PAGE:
Satellites operated by NASA and its European counterparts detected significant decreases in nitrogen dioxide over China after the coronavirus outbreak caused businesses and factories across the country to cease operations earlier this year. “This is the first time I have seen such a dramatic drop-off over such a wide area for a specific event,” said Fei Liu, a NASA air quality researcher. “I am not surprised because many cities nationwide have taken measures to minimize spread of the virus.” The European Space Agency has also reported a similar drop in emissions over Italy in the aftermath of a nationwide lockdown implemented as a result of the outbreak.
4. Preliminary test results ‘very encouraging’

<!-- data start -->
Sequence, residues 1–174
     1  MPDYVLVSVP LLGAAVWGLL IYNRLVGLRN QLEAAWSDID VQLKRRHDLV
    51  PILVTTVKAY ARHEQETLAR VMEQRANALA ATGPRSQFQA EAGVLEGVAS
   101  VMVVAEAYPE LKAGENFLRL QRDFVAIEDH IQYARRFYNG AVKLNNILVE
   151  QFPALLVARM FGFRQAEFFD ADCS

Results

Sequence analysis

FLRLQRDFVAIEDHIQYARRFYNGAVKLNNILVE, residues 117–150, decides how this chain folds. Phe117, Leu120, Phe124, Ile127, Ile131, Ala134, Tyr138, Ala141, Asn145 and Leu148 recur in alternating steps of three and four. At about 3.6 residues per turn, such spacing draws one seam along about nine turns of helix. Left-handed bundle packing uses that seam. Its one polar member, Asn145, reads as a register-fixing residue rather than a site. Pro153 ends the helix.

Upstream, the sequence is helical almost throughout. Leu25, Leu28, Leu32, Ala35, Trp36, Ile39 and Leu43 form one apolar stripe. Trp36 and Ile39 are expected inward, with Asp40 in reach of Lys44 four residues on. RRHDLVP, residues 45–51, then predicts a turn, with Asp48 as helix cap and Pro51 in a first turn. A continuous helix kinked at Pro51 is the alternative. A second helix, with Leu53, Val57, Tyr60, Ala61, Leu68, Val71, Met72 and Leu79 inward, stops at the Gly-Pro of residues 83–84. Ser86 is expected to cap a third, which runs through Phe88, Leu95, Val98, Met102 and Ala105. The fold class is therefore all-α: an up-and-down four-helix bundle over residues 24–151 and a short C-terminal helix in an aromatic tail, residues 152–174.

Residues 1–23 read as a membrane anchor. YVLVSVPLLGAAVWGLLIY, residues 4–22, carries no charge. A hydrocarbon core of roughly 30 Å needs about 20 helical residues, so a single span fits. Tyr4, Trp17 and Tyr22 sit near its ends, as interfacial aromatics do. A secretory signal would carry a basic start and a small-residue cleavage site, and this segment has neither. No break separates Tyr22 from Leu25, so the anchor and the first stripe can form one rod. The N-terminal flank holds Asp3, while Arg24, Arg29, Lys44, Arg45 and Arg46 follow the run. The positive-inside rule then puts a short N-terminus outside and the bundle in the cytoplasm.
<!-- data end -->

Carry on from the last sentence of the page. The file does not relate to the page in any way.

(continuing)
President Trump said Thursday that hydroxychloroquine, a drug used for decades to treat malaria, “could be a game-changer” in the fight against COVID-19. Speaking to reporters at a White House press conference, Mr. Trump said the drug has exhibited “very, very encouraging early results against the virus.” Stephen Hahn, the head of the U.S. Food and Drug Administration, added the FDA has been directed to “take a closer look” to fully determine if the drug may benefit patients infected with COVID-19.
5. Businesses switching gears for the greater good
Several companies operating amid the coronavirus pandemic have adjusted production to manufacture items in high demand. A number of distilleries across the country have started using their alcohol supplies to produce hand sanitizer, and General Motors and Ford have said they are prepared to use their factories to manufacture ventilators. “That’s the kind of can-do spirit that we are hearing and seeing,” White House economic adviser Larry Kudlow said about the automakers Wednesday.